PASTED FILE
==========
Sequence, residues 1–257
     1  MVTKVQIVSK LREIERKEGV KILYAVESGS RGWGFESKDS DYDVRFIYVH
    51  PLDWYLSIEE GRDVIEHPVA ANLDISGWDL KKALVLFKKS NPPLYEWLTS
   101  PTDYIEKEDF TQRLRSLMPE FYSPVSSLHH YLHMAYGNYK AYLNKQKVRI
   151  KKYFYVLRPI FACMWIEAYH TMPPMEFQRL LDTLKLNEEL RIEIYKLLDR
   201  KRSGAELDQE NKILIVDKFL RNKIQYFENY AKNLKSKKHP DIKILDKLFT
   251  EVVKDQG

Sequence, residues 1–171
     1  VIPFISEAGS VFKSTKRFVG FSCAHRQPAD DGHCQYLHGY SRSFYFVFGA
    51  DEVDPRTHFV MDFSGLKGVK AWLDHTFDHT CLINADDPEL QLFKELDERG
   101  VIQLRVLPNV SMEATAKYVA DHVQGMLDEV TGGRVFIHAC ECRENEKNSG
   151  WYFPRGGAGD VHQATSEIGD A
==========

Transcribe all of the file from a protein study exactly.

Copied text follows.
Sequence, residues 1–257
     1  MVTKVQIVSK LREIERKEGV KILYAVESGS RGWGFESKDS DYDVRFIYVH
    51  PLDWYLSIEE GRDVIEHPVA ANLDISGWDL KKALVLFKKS NPPLYEWLTS
   101  PTDYIEKEDF TQRLRSLMPE FYSPVSSLHH YLHMAYGNYK AYLNKQKVRI
   151  KKYFYVLRPI FACMWIEAYH TMPPMEFQRL LDTLKLNEEL RIEIYKLLDR
   201  KRSGAELDQE NKILIVDKFL RNKIQYFENY AKNLKSKKHP DIKILDKLFT
   251  EVVKDQG

Sequence, residues 1–171
     1  VIPFISEAGS VFKSTKRFVG FSCAHRQPAD DGHCQYLHGY SRSFYFVFGA
    51  DEVDPRTHFV MDFSGLKGVK AWLDHTFDHT CLINADDPEL QLFKELDERG
   101  VIQLRVLPNV SMEATAKYVA DHVQGMLDEV TGGRVFIHAC ECRENEKNSG
   151  WYFPRGGAGD VHQATSEIGD A